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CPAC Day 1: On Call's Takeaways CPAC Day 1: On Call's Takeaways

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CPAC Day 1: On Call's Takeaways


Donald Trump leaves the stage after speaking at the 2011 CPAC conference in Washington DC on Thursday, February 10, 2011.(Chet Susslin)

National Journal and Hotline were out in full force for the kickoff to this weekend's CPAC conference. Here are the key takeaways and nuggets from our reporters:

--The press loves nothing more than a new possible presidential candidate to fawn over, and they got one in Donald Trump. He wasn't in the mood to answer press questions while walking through the Marriott Wardman Park with his large entourage of handlers and bodyguards. And he was combative in his hastily-arranged speech, taking direct aim at Texas Rep. Ron Paul--the favorite of many of the libertarian-attendees and the odds-on favorite to win CPAC's presidential straw poll for the second year in a row. Paul "cannot get elected," Trump said to loud boos and some more muted cheers. "I like Ron Paul ... But he has zero chance of being elected."

--Former Nevada Senate candidate Sharron Angle was in the house for CPAC--and she could be added to the speaker's list over the coming days. But she shot down the presidential speculation that's buzzed around her, saying it was all just "press speculation.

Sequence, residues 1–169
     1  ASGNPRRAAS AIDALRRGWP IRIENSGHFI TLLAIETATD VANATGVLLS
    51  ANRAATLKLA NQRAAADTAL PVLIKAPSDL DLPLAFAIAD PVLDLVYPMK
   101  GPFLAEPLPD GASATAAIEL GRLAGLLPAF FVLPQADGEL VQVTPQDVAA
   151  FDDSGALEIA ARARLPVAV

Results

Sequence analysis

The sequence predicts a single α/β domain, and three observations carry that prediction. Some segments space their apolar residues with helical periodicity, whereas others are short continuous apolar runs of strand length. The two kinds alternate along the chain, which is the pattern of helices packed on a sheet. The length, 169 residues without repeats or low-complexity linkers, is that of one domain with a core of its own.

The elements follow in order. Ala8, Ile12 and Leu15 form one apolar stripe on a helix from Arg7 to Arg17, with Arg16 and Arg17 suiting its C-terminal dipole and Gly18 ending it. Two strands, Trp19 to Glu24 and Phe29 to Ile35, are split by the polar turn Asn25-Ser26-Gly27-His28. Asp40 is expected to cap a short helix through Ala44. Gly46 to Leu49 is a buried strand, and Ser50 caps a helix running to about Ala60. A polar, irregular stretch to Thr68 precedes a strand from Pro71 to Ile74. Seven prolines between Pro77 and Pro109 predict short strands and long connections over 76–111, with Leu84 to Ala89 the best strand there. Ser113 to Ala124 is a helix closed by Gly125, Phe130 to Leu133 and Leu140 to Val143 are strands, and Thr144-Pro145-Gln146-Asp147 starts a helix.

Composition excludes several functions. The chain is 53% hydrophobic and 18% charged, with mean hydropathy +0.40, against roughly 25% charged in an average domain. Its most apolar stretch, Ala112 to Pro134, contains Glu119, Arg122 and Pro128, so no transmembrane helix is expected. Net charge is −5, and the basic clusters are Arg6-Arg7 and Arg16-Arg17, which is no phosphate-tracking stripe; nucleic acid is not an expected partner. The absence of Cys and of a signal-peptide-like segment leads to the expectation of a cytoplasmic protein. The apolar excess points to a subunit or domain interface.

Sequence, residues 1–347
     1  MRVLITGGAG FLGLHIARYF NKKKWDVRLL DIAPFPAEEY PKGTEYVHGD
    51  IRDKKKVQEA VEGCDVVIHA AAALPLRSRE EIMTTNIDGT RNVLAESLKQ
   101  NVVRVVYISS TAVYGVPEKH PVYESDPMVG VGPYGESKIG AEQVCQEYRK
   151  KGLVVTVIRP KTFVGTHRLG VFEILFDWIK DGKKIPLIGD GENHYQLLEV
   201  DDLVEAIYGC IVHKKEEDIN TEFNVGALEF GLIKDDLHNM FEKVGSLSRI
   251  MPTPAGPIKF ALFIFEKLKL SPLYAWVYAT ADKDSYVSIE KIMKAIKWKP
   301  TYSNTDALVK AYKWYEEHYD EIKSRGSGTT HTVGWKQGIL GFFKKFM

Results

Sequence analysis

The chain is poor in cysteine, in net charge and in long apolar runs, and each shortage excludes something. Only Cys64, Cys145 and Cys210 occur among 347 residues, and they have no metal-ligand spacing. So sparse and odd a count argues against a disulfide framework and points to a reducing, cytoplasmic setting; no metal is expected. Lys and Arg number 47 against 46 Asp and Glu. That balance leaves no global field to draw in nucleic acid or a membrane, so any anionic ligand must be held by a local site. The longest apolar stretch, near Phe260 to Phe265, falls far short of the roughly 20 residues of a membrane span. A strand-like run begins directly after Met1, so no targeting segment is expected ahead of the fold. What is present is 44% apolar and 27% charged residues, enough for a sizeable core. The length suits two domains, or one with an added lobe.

--Is Dick Cheney really a surprise guest if he's the surprise guest every year? The former vice president, who also made an unannounced but rumored-about visit to CPAC last year, introduced former Secretary of Defense Donald Rumsfeld, who has been promoting his memoirs. The two were booed, largely by anti-war supporters of Paul, and some in the crowd were shouting "war criminal" and "draft dodger" at the duo.

--Birther alert? Rep. Raul Labrador (R-Idaho) was among the House freshmen featured this morning. In telling the crowd about being born in Puerto Rico, Labrador said ""I'm proud to be an American citizen by birth - and I do have my birth certificate to prove it." The remark was met with loud applause.

--Senate Minority Leader Mitch McConnell (R-Ky.) reacted to today's retirement of his No.2 in the Senate, Whip Jon Kyl (R-Ariz.). Calling Kyl his "right hand man," McConnell said it "is a big loss for the country but the good news is he'll be here for two more years helping us fight for the right things. We're going to miss Jon Kyl.''

--There's a surprise candidate trying to work his way onto the CPAC presidential straw poll ballot--Dale Peterson. Fresh from fighting "thugs and criminals," the one-time candidate for Alabama agriculture whose campaign ad went viral last year, had a booth at the conference urging people to write in his name. Those who pledged to do so would get a Peterson-approved cowboy hat. He still does "give a rip."

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